Grammar Snobs Are Great Big Meanies

Grammar Snobs Are Great Big Meanies: A Guide to Language for Fun Spite by June Casagrande
Publisher: Tantor Media; Unabridged,MP3 - Unabridged CD edition (April 1, 2006) | ISBN: 1400152186 | Language English | Audio CD in MP3 / 128 kbps | 318 mb

Hoping to make grammar both accessible and amusing, Casagrande offers practical and entertaining lessons on common uses and unfortunate abuses of the English language. The author, a southern California newspaper columnist, memorably delineates "who" and "whom "can" and "may "affect" and "effect and provides pithy primers on the perennially problematic dark alleys of language (subjunctives, how to use punctuation marks around quoted material, possessive gerunds). In brief, cleverly titled sections, she addresses a slew of grammar and punctuation questions: "To Boldly Blow" examines the issue of split infinitives, "Snobbery Up With Which You Should Not Put" tackles prepositions and "Is That a Dangler in Your Memo or Are You Just Glad to See Me?" pokes fun at dangling modifiers and the confusion they create. By also touching on e-mail and text messaging, where traditional rules are commonly ignored, Casagrande keeps the discussion current. She maintains her sass and her sense of humor throughout, at one point calling the hyphen "a nasty, tricky, evil little mark that gets its kicks igniting argumentsthe Bill Maher of punctuation." Readers intimidated by style manuals and Lynne Truss will enjoy this populist grammar reference.
Copyright © Reed Business Information, a division of Reed Elsevier Inc. All rights reserved. This text refers to the Paperback edition.
From Booklist
The author of a grammar column for L.A. community newspapers, Casagrande brings a lively approach to her overview of basic grammar. Sensing that people are intimidated by grammar, she uses humor to promote her down-to-earth approach to the topic, labeling grammatical purists as snobs and bullies. In short, pithily titled chapters, she addresses common grammar problems, pointing out, for example, the distinction between who and whom in "For Whom the Snob Trolls," explaining the split infinitive in "To Boldly Blow," and discussing prepositions at the end of sentences in "Snobbery Up with Which You Should Not Put." She is most helpful when addressing the language shortcuts taken in text messaging and e-mail, topics that have not yet been fully addressed in traditional style manuals. Speaking of which, she gets in her fair share of jabs at The Chicago Manual of Style in the particularly funny chapter "The Kids Are All Wrong," devoted to rock-music-related language issues. Both sassy and edifying, Casagrande's little tome will be especially useful to those in search of basic grammar instruction. Joanne Wilkinson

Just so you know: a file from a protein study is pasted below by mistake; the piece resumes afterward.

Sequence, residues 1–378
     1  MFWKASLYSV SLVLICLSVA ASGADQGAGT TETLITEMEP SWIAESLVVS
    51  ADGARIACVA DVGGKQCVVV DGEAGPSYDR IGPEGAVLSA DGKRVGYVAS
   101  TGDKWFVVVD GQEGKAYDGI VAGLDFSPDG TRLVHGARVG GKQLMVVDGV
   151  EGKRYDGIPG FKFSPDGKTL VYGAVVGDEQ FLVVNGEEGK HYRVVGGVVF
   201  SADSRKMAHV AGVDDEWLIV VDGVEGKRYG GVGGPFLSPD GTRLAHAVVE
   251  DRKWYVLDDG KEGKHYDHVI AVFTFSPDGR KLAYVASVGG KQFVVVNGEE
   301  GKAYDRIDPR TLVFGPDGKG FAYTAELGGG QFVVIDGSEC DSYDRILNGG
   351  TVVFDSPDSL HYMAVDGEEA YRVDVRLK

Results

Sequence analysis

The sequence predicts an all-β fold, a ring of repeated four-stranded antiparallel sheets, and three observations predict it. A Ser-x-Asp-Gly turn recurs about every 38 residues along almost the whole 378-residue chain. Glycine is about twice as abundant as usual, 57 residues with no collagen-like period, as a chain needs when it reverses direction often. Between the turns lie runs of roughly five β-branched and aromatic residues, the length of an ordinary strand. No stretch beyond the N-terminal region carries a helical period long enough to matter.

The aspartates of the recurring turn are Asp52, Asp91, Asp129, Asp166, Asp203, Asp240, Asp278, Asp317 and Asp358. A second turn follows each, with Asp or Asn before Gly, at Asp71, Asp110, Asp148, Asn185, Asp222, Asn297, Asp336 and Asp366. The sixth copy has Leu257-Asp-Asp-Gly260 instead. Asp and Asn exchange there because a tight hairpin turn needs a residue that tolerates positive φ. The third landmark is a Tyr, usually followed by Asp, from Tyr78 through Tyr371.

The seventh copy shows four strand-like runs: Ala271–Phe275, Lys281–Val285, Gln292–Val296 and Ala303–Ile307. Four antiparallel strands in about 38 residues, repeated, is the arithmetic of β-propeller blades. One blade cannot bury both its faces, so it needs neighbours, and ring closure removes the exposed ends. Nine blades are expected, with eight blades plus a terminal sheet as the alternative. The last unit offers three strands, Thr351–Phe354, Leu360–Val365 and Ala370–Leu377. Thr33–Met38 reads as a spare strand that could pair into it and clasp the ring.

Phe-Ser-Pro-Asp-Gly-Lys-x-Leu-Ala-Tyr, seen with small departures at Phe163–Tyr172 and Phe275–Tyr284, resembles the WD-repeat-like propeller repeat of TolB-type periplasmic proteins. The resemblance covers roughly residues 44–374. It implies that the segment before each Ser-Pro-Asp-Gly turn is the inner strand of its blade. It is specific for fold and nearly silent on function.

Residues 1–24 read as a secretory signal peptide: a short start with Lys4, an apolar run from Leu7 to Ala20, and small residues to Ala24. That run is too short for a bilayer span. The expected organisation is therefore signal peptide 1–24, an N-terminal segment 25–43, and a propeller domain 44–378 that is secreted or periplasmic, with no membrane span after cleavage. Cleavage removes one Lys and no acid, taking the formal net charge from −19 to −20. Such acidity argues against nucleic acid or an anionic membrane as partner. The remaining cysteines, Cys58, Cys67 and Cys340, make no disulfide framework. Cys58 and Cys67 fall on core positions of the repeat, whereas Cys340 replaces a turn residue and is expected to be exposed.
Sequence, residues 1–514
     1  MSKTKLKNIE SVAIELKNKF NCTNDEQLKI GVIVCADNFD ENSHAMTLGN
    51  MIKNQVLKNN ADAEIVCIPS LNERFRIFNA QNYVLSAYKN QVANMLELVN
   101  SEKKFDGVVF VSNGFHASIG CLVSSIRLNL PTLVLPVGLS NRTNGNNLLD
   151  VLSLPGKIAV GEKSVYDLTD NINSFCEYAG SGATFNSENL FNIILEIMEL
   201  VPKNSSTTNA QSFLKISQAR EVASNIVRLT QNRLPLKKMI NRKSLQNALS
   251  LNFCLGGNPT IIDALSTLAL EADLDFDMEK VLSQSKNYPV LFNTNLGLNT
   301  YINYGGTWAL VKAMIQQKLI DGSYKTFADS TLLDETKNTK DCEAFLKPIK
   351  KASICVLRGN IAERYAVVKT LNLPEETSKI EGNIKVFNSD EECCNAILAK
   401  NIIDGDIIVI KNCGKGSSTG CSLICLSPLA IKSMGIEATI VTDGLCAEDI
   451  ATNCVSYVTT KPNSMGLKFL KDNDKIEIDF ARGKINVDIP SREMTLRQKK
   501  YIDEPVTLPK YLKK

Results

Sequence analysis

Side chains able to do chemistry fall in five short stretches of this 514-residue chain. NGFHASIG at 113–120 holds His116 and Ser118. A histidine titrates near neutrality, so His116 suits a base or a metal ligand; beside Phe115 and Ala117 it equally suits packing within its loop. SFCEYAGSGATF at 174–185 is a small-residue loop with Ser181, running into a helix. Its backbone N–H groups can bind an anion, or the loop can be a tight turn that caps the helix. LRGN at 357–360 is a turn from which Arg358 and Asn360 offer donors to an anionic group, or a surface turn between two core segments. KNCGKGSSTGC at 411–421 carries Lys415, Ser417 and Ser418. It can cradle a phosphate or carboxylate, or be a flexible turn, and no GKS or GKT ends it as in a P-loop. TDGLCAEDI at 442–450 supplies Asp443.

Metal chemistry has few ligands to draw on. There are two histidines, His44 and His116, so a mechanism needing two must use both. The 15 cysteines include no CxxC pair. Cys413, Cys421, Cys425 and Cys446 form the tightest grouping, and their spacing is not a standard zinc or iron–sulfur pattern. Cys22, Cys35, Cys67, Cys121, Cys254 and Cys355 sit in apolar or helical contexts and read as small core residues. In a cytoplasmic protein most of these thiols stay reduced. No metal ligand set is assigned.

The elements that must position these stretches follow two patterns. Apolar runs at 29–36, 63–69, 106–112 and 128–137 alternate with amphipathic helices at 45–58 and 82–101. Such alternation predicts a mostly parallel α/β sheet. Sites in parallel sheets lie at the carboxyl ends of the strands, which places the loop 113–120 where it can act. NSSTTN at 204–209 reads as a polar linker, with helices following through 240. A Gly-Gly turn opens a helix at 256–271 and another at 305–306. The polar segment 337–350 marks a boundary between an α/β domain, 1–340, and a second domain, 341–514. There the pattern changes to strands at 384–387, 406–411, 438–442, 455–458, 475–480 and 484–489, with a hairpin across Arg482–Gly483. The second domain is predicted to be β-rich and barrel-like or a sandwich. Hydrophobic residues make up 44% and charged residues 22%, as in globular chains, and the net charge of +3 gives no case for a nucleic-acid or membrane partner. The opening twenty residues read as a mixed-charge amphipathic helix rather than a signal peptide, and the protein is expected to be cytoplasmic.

Copyright © American Library Association. All rights reserved This text refers to the Paperback edition.

[Fast Download] Grammar Snobs Are Great Big Meanies

Related eBooks:
Novice Language Teachers: Insights and Perspectives for the First Year
Phonotactics of Czech
Kingdom Animalia
Shakespeare, the Orient, and the Critics
Building Your Portfolio: The Cilip Guide
Aspects of Form and Genre in the Poetry of Edwin Morgan
The Cambridge History of Literary Criticism: Volume 6, The Nineteenth Century, c.1830-1914
The Future Of Learning The Michel Thomas Method: Freeing Minds One Person At A Time
The Broadview Pocket Guide to Writing - Third Edition
101 American English Riddles : Understanding Language and Culture Through Humor
Intermediate Grammar Games (Games activities series)
ENGLISH COURSE ? Grammar Space ? Kids 3 ? Teacher's Guide ? Grammar Cards ? Tests (2014)
Copyright Disclaimer:
This site does not store any files on its server. We only index and link to content provided by other sites. Please contact the content providers to delete copyright contents if any and email us, we'll remove relevant links or contents immediately.